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Sixth post!

Dental Practice Surface cleaning and disinfection

Surface cleaning and disinfection is critical for effective infection control measures in the dental surgery.

The practice should have a local protocol clearly outlining the surface and room-cleaning schedules. This can be in the form of an infection control policy, infection control statement and daily surgery logbook checks. The practice/contract cleaning manager should carry out regular surgery spot checks.

Bacteria, viruses and fungi may be present in the surgery and in particular on the work surfaces after treating a patient, so the cleaning and disinfection of surfaces is paramount to patient safety.

What is disinfection?

Thorough cleaning with an approved detergent diluted in water is often seen as sufficient for the environment. Disinfectants are not required unless there is risk of infection – All clinical areas face a risk of infection. To prevent growth of any remaining organisms, the surfaces must be dry.

Disinfection is a process that reduces the numbers of microorganisms to a level where they are not harmful, with the exception of spores which are not usually destroyed by this method. Decontamination using chemical disinfectants should only be carried out where other methods, such as heat or steam, are not suitable.

Surface and flooring specifications

All surfaces and flooring should be impervious and easy to clean. Careful considerations must be taken when choosing fixtures and fittings for clinical areas. Surfaces should be joint less or seams heat welded.

Floors coverings should be continuous, non-slip and joint less, with curved skirting where possible. Existing floors can be fitted with a curved sit on coving, but this requires heat welding to provide a seamless joint.

Carpets must not be used in clinical areas.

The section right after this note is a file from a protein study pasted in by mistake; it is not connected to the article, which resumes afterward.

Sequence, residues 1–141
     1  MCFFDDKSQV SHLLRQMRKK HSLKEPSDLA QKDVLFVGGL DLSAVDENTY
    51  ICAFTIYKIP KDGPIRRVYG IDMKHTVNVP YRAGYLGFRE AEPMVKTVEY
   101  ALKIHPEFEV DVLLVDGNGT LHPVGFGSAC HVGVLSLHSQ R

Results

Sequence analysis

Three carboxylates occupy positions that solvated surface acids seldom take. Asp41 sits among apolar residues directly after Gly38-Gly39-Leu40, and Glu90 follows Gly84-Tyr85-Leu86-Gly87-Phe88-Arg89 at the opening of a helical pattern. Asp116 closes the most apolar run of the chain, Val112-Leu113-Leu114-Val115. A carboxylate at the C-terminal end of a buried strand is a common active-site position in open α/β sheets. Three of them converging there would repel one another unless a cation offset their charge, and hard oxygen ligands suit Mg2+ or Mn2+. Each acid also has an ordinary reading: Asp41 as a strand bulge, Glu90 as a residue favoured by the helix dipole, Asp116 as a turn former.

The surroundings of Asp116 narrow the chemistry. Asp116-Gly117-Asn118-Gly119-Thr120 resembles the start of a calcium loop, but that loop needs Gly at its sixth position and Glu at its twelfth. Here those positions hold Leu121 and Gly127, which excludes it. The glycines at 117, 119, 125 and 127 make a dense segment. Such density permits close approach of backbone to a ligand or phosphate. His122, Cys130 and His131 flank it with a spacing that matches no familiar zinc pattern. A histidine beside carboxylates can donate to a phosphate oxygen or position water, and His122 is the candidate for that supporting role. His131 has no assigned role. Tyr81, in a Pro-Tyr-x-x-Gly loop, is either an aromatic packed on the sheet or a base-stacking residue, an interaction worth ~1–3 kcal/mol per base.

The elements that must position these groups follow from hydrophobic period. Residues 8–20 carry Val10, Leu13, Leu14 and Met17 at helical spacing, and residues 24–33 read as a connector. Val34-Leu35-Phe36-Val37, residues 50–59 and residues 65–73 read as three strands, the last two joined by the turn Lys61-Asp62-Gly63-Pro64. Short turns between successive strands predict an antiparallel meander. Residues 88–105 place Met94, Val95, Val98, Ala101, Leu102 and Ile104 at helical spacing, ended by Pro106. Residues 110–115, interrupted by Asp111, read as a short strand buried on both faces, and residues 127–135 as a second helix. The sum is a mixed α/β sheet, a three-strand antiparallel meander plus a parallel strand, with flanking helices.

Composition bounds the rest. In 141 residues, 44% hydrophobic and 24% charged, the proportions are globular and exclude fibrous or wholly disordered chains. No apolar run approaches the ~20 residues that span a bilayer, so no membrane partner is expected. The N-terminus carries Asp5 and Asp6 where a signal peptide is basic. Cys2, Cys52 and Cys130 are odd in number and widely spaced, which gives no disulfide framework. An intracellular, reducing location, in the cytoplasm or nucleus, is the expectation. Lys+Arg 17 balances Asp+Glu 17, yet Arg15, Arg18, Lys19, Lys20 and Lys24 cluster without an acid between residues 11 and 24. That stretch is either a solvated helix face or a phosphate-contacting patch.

When should surfaces be cleaned and disinfected?

Surfaces should be cleaned and disinfected:

  • Before clinical sessions
  • Between patients
  • End of clinical sessions.

HTM 01-05 and WHTM 01-05 under section 6.61:

‘The patient treatment area should be cleaned after every session using disposable cloths or clean microfiber materials – even if the area appears uncontaminated.’

Between each patient

The following areas should be cleaned between each patient:

  • Work surfaces
  • Dental chair (must be free from rips)
  • Curing lamps
  • Inspection lights and handles (should be protected with disposable coverings)
  • Hand controls
  • Trolleys/delivery units
  • Spittoons
  • Aspirators
  • X-ray units.

Any equipment used during dental procedures should be wiped after each use and thoroughly cleaned at the end of the session.

Plastic disposable covers can be used but are not a replacement for frequent cleaning.

After every session

The following areas should be cleaned after every session:

  • Taps
  • Drainage points
  • Splashbacks
  • Sinks
  • Cupboards
  • Floor surfaces
  • Around the foot of the dental chair
  • Spittoons need a thorough cleaning according to manufacturer’s instruction.

Using alcohol-based wipes in a dental practice

Since the introduction of HTM 01-05 and WHTM many dental practices have been given the impression that the use of alcohol-based wipes is prohibited: this is not the case.